Over-the-counter creams often don’t work (or don’t work very well) because it’s tough for a cream medication to penetrate beyond the surface of the nail. That’s why it’s so important to file the unhealthy nail away as much as possible. It may be a bit uncomfortable, but it will allow the medication to work properly.
Toenail lacquers made of antifungal agents and applied as nail polish can be effective at fighting and also preventing toenail fungus, but the treatment can become lengthy and expensive. Let's take a look at Mother Nature's most potent topical treatments for toenail fungus.
Apple Cider Vinegar
Why apple cider vinegar? It is highly acetic due to the acetic acid it contains, which makes it difficult for the fungi to survive. Apple cider vinegar also is available in supplement form, such as capsules.
There haven’t been any clinical trials on humans or even any animal research evaluating whether apple cider vinegar is a viable treatment option for toenail fungus. However, there is some research that points to a possible explanation for the popular home remedy.
In a test tube, scientists showed that when organic acids such as acetic acid (found in apple cider vinegar) were removed from certain antifungal nail products, they stopped working. The paper, published in the journal Mycoses, concluded, “These results suggest a role for organic acids in the antifungal effect of Excilor (acetic acid, ethyl lactate) and Nailner (lactic acid, citric acid, ethyl lactate) as all tested formulations without organic acids were inactive.”
What evidence is there showing coconut oil will help heal toenail fungus? Coconut oil contains medium-chain fatty acids such as caprylic acid, and therein lies its power.
Places where coconuts thrive—warm, tropical (moist) locales—happen to be where fungi thrive, too. That includes your nails, be those on your toes, sweating all day in shoes and socks; or on your fingers, working and getting germy all day long. Ironically, however, people who live in tropical locales tend to not get toe fungus. That’s because most of the time they are wearing sandals without socks, so their feet don’t sweat.
To take advantage of the antifungal powers of coconut oil, melt down a bit of the oil and apply directly to the affected nail.
Medium-Chain Fatty Acids
Medium-chain fatty acids contain antimicrobial-fighting powers that help keep onychomycosis at bay. A 2013 study published in the International Journal of Biomedical Research revealed a scientific method called DIMOSFER (direct modification of substrate through fermentation) that makes coconut oil’s bacterial-fighting powers even more potent. The Malaysian researchers demonstrated the oil showed particular aggression against staphylococcus aureus and Escherichia coli infections.
The caprylic acid in coconut oil is believed to fight fungal infections brought on by yeast, or candida. A study published in the Journal of Medicinal Foods showed how capric and caprylic acid shut down cell pathways needed for fungus to form.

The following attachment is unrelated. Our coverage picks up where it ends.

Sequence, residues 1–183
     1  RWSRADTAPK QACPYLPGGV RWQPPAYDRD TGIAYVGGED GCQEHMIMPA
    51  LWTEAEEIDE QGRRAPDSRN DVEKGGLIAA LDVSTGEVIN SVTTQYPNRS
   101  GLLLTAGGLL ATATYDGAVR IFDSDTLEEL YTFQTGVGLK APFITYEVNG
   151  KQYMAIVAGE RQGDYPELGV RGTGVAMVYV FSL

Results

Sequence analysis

“This research suggests that both capric and caprylic acid may be effective interventions for treating C. albicans yeast infections,” the authors concluded.
Caprylic and capric acid also can be taken orally in supplement form.
It may sound like fighting fire with fire—extinguishing the fungus on your feet with urea.
Yes, urea, as in the ammonia found in your urine. It can be toxic to toenail fungus, and also works in tandem with other antifungal medications.
“Numerous studies have shown combination therapy of urea and an antifungal agent to be an effective treatment for onychomycosis,” writes Dr. Kristine Hoffman in a piece published online at Podiatry Today. “Urea functions to soften the nail plate, which can enhance the passage of antifungal medications to the underlying nail bed.”
You can apply a urea gel such as Bare Urea Gel containing 40% urea to your infected nails.
Baking soda hasn’t been shown to cure toenail fungus, but it may help prevent it. Note: Don’t mix baking soda with apple cider vinegar when treating toenail fungus. The baking soda lessens the acidity of the apple cider vinegar, which defeats the purpose.
Baking soda helps prevent toenail fungus by keeping your feet dry. In addition to the treatment of onychomycosis, baking soda is good for use in scrubbing dead skin off the toes and feet.
In a case study published in the journal International Society of Sports Nutrition, a researcher mixed baking soda with arrowroot and the essential oils basil oil, tea tree oil, sage oil, and clove oil to inhibit bacterial growth on sweaty feet covered by socks.
“Application of this novel compound to the external surfaces of feet completely inhibited both aerobic bacteria and yeast-fungi-mold proliferation for 8 hours in spite of being in an enclosed environment compatible to microbial proliferation,” the author concluded, calling for larger, similar studies.
Until pharmacological and other treatments for toenail fungus can be perfected, nature’s treasure trove is a great place to seek relief from this often unsightly condition. However, if your toenail fungus persists despite your natural efforts, seek medical advice from a health care professional.